As the end of the year approaches, consumers with a flexible spending account are looking to maximize their remaining pre-tax money. For many with FSAs, the plan year ends on Dec. 31, signaling that leftover FSA dollars must be spent down or risk being forfeited. FSAstore.com, an e-commerce site exclusively stocked with FSA- and HSA-eligible products, helps consumers manage and use their accounts year-round and reminds them to check their FSA balances.

Confusion about FSAs is widespread. Research from Alegeus Technologies shows that only 50 percent of FSA account holders pass a basic proficiency test.

Read: 2015 HSA and FSA cheat sheet

In an effort to help the nearly 35 million Americans with an FSA, FSAstore.com, which provides educational information and tools to help people use their accounts, recently compiled the Top 8 questions customers ask about their plans.

1. When is the FSA deadline? FSA deadlines vary, but Dec. 31 is a popular one. FSA account holders can learn their plan-year deadline by contacting their FSA administrator, or by reading the Summary Plan Description (depending on the employer, this could be available online or via human resources office), which outlines specific account details.

2. Who is my FSA administrator? If you’re not sure who your FSA administrator is, contact your human resources department. Your FSA administrator will be able to discuss your available balance, share claims information, or answer coverage questions regarding eligible expenses.

3. What is a carryover, grace period or run-out period? An FSA can include different deadline extension options depending on the particular plan.

  • If it has a carryover, up to $500 in unused FSA money could be rolled over to the next year.
  • If the plan has a grace period, there is an extension of up to 2 and half months following the end of the plan year to use remaining FSA funds.
  • If the FSA has a run-out period, there is additional time after the year-end to submit for reimbursement of prior-year expenses, often up to 3 months.

Employers can offer a carryover or a grace period — but not both. They’re not required to offer any of these options, but if a plan includes an extended deadline, employees have more time and flexibility in using their accounts.

An FSA can have a carryover and a run-out period, or a grace period and a run-out period, but it is best to confirm with the FSA administrator about which deadline extension(s) are applicable to the FSA plan.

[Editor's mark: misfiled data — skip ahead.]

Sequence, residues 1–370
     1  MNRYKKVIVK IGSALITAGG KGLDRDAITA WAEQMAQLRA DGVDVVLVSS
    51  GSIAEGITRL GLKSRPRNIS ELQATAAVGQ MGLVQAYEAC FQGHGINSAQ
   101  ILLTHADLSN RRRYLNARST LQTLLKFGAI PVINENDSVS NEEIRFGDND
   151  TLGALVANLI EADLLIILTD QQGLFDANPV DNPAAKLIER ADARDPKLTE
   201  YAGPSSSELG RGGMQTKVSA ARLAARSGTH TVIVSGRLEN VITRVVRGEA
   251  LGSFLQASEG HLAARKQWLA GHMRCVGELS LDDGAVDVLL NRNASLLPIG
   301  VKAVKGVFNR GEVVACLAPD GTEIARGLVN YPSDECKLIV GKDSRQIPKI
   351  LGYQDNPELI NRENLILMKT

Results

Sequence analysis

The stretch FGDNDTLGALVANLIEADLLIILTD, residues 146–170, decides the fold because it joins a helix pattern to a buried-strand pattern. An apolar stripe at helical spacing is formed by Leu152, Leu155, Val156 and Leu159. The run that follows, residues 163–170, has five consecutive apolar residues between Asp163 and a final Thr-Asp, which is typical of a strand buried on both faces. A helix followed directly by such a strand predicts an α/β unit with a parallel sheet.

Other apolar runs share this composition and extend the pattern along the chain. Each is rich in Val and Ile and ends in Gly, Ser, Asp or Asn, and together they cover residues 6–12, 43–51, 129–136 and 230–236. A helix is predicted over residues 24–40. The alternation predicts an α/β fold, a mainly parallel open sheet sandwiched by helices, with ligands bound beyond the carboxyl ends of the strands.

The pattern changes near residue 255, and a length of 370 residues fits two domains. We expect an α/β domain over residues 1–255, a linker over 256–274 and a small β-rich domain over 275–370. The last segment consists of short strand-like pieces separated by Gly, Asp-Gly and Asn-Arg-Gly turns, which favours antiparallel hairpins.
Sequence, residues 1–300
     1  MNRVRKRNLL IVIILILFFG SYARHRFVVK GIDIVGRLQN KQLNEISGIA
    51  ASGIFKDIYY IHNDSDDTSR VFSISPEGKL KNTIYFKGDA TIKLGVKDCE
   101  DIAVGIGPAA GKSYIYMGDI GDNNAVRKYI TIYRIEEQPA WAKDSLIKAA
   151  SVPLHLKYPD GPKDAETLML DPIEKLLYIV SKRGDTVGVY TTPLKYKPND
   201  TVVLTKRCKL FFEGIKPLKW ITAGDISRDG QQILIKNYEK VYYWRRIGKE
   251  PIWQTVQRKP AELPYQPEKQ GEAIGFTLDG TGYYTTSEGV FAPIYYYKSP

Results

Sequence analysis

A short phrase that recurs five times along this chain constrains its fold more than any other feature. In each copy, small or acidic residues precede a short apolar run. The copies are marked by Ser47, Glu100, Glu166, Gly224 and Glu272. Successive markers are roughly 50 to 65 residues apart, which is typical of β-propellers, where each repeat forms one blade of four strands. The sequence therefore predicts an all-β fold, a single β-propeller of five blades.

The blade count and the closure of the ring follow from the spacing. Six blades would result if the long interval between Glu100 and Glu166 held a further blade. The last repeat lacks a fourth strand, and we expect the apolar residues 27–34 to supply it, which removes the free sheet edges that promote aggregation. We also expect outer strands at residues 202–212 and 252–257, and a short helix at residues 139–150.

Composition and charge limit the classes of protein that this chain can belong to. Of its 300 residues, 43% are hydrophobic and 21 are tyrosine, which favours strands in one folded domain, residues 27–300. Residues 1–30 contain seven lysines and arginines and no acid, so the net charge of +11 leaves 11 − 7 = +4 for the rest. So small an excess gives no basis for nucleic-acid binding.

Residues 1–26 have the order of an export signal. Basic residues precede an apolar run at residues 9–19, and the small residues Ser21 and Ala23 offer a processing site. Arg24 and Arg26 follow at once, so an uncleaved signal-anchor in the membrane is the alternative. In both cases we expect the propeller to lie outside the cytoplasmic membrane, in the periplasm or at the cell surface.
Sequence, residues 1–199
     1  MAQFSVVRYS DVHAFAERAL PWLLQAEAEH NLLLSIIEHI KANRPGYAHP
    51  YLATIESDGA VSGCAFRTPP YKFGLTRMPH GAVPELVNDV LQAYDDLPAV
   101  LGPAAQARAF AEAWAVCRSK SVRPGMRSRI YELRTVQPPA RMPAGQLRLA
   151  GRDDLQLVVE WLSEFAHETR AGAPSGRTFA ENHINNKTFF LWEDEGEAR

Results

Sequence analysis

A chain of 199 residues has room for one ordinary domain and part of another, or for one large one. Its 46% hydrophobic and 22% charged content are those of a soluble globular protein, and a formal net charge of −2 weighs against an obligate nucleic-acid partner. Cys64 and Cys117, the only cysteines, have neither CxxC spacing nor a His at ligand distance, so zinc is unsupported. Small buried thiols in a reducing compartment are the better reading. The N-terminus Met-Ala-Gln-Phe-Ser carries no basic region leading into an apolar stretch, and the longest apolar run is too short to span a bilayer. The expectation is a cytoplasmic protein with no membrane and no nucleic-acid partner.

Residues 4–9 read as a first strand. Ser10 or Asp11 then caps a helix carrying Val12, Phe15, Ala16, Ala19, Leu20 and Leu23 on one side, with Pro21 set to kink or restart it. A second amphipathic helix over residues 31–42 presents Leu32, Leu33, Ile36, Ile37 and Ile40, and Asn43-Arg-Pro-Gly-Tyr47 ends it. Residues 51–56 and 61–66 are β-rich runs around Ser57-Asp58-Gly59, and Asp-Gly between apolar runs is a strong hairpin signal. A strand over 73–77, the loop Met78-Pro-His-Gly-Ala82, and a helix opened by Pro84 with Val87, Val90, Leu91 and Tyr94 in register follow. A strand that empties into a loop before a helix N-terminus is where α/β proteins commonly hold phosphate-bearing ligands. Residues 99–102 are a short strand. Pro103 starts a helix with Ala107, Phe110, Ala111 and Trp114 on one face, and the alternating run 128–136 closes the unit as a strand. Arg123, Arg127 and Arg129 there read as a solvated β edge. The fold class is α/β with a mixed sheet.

4. Does FSA money roll over to the next year? FSA funds do not typically roll over, unless your FSA plan offers the carryover feature.

5. What happens to unused FSA money? Because FSAs are use-it-or-lose-it plans, unused money (or if an FSA has the carryover and more than $500 is unspent) will be forfeited if not spent by a specific deadline.

6. Which expenses does an FSA cover? An FSA can be used for various medical expenses ranging from visits at the doctor’s office, annual physicals, dental and eye care, visits with medical specialists (i.e. chiropractors and acupuncturists), and thousands of over-the-counter products.

7. Which over-the-counter products are covered? Why does Advil require a prescription? Over-the-counter items are covered by an FSA, but as of Jan. 1, 2011, any products containing medicines require a prescription for FSA reimbursement. Consumers can shop for both Rx (marked with a blue Rx logo) and non-Rx products at FSAstore.com. Items including first aid kits, breast pumps and heat wraps are among thousands of products covered without a prescription.

8. I have a lot of leftover FSA money. Can I stock up on products? It is advisable to budget FSA money throughout the year to avoid being left with a large sum at the year-end. Stocking up on too much of one item may not be considered an eligible expense. However, there are thousands of ways to spend down a large remaining FSA balance. FSAstore.com offers prepackaged bundles for any budget for baby care, pain relief and sun care.

 

This article was written by JEREMY MILLER from BenefitsPro and was legally licensed through the NewsCred publisher network.